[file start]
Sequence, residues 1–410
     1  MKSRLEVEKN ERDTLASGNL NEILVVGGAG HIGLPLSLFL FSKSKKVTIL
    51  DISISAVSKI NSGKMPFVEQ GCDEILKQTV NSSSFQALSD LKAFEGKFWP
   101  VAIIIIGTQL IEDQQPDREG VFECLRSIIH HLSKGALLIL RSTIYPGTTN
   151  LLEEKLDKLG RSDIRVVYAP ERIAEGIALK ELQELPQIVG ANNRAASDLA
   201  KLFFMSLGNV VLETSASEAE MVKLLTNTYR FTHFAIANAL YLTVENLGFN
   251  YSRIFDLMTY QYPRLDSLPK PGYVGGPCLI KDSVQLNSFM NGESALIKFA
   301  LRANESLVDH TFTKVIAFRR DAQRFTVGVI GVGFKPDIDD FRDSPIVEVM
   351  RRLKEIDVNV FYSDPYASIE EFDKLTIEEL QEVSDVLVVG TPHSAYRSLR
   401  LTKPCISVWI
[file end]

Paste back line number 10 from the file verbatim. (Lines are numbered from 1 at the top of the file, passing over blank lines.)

   401  LTKPCISVWI